Okay. This one was about an alien probe of some kind that was transmitting a signal, but any scientist smart enough to decipher it’s message instantly went catatonic.
It turned out that a malicious entity piggybacked their own signal on top of the probe’s so that anyone of a sufficiently high intelligence to decipher it would have their minds destroyed. But then, one scientist tries to decipher it, and only passes out, because he was just barely smart enough to make out the message, but not smart enough to be affected by it, and then they finally figure out the key to defeating the malicious signal.
What was this story/book?
I remember reading that, but have a similarly hazy recollection. If I recall, he’s a bit of a savant or something in that vein, which is why the signal doesn’t destroy him - he can interpret the signal, but not truly understand it or something. In addition, the probe is only one of 6 or so spread around the galaxy, transmitting a sort of galactic encyclopedia.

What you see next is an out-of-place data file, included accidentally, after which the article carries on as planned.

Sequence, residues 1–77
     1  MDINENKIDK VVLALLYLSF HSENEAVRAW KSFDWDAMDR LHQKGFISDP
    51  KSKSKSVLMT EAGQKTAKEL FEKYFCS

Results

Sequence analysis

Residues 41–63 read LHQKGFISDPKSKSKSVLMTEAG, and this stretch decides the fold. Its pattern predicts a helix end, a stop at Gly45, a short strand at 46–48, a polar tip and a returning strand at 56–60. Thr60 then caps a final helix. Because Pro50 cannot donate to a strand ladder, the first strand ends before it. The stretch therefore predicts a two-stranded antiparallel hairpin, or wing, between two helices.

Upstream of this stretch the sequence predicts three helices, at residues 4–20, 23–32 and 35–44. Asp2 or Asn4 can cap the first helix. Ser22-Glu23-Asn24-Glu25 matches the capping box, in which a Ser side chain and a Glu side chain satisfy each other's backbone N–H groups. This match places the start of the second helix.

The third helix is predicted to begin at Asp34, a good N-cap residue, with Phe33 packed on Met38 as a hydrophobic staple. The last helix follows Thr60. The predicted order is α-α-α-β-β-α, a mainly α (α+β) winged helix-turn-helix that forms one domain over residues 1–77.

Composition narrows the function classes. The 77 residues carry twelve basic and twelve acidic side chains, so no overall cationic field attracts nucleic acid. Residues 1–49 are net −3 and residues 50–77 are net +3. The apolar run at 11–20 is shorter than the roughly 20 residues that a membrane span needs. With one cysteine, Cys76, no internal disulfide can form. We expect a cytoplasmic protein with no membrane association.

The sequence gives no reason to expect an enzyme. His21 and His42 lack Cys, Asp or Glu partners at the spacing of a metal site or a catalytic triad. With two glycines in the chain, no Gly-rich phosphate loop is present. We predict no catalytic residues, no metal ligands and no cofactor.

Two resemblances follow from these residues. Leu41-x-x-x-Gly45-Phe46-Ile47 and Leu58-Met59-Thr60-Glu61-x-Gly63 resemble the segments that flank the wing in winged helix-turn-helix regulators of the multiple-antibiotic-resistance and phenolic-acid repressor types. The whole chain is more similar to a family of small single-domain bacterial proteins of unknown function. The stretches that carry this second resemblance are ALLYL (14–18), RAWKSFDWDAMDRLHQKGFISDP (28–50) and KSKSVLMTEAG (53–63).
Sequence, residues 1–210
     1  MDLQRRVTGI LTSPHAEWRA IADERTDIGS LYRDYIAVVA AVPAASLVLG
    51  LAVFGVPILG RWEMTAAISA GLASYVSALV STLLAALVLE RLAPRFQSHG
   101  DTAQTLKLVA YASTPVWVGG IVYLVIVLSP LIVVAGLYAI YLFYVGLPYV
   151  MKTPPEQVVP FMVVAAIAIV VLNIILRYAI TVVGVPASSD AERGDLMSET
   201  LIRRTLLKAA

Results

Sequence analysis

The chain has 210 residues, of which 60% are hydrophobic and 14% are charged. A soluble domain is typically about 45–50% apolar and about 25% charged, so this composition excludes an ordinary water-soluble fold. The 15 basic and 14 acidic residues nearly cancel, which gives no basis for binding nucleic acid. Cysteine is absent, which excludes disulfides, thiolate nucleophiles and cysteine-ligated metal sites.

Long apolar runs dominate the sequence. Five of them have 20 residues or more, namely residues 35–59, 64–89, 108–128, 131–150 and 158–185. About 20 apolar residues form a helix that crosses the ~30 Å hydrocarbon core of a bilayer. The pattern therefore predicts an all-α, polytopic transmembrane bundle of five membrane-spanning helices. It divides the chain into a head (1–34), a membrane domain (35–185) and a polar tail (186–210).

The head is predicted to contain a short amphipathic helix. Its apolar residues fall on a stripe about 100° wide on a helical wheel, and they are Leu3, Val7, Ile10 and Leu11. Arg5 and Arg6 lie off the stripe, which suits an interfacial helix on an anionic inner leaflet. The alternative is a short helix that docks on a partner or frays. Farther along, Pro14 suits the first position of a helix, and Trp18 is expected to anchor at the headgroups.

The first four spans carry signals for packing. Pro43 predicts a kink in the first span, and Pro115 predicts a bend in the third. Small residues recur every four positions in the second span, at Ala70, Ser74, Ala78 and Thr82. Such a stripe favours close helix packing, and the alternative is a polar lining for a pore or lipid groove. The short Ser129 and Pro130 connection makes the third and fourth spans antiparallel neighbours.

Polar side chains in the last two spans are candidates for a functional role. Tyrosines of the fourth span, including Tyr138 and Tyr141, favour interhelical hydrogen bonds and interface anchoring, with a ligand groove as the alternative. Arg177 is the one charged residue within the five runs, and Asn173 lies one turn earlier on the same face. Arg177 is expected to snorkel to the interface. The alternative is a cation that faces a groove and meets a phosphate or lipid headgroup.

Macroscope by Piers Anthony: http://www-users.cs.york.ac.uk/~susan/sf/dani/UR_008.htm
That took me back, I had completely forgotten that. That was the first Piers Anthony book I read, I think in 5th grade. I thought it was completely awesome, but none of the others seemed as good.
Well, at least I think that’s it. It doesn’t quite fit what you describe, since I think the main character is some sort of personality construct of the super-genius character, or something…
No, it was Macroscope. Thank you.
I guess now I have to admit to having read Piers Anthony. :)
Heck, I read that and I didn’t even place the reference. All I remember is that they could cast their instruments out into space, so that they could look back at the Earth, and see the past due to being where the old light was currently at. Or something.
Hey, if you want to read a really good sf novel/novella with a somewhat similar idea, check out Babel-17 by Samuel R. Delany.